film review

Arts and Entertainment
Living like there’s no tomorrow: Jon Hamm as Don Draper in the final season of ‘Mad Men’

TV review

Arts and Entertainment
Yaphett Kotto with Julius W Harris and Jane Seymour in 1973 Bond movie Live and Let Die

Arts and Entertainment

Arts and Entertainment

  • Get to the point
Latest stories from i100
Have you tried new the Independent Digital Edition apps?

ES Rentals

    Independent Dating

    By clicking 'Search' you
    are agreeing to our
    Terms of Use.

    NHS struggling to monitor the safety and efficacy of its services outsourced to private providers

    Who's monitoring the outsourced NHS services?

    A report finds that private firms are not being properly assessed for their quality of care
    Zac Goldsmith: 'I'll trigger a by-election over Heathrow'

    Zac Goldsmith: 'I'll trigger a by-election over Heathrow'

    The Tory MP said he did not want to stand again unless his party's manifesto ruled out a third runway. But he's doing so. Watch this space
    How do Greek voters feel about Syriza's backtracking on its anti-austerity pledge?

    How do Greeks feel about Syriza?

    Five voters from different backgrounds tell us what they expect from Syriza's charismatic leader Alexis Tsipras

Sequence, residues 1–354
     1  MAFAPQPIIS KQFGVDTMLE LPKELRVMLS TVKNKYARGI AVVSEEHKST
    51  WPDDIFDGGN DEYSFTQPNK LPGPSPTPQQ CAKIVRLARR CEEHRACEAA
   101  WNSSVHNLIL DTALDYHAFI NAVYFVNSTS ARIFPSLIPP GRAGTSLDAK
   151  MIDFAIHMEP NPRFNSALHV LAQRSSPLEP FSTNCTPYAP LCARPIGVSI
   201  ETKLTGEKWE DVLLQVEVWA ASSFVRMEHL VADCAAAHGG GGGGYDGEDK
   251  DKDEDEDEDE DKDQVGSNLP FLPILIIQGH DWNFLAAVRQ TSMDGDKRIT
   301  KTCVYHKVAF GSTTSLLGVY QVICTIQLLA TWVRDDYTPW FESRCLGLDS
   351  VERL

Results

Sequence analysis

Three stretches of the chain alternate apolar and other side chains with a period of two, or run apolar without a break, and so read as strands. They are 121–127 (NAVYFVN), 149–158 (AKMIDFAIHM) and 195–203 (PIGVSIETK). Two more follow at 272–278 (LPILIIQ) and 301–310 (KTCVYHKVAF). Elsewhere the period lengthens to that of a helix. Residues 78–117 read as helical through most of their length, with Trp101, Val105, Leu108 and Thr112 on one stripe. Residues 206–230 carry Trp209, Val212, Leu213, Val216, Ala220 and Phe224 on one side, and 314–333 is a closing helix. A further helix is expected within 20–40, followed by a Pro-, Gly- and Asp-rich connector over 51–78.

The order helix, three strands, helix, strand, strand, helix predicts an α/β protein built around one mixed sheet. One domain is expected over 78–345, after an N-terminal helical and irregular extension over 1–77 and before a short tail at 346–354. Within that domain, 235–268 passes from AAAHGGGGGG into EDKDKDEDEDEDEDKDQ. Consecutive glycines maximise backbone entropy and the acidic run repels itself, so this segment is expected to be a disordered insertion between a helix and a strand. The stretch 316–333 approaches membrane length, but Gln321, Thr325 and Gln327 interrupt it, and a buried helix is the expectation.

From Iraq to Libya and Syria: The wars that come back to haunt us

    The wars that come back to haunt us

    David Cameron should not escape blame for his role in conflicts that are still raging, argues Patrick Cockburn
    Sam Baker and Lauren Laverne: Too busy to surf? Head to The Pool

    Too busy to surf? Head to The Pool

    A new website is trying to declutter the internet to help busy women. Holly Williams meets the founders
    Heston Blumenthal to cook up a spice odyssey for British astronaut manning the International Space Station

    UK's Major Tum to blast off on a spice odyssey

    Nothing but the best for British astronaut as chef Heston Blumenthal cooks up his rations
    John Harrison's 'longitude' clock sets new record - 300 years on

    ‘Longitude’ clock sets new record - 300 years on

    Greenwich horologists celebrate as it keeps to within a second of real time over a 100-day test
    Fears in the US of being outgunned in the vital propaganda wars by Russia, China - and even Isis - have prompted a rethink on overseas broadcasters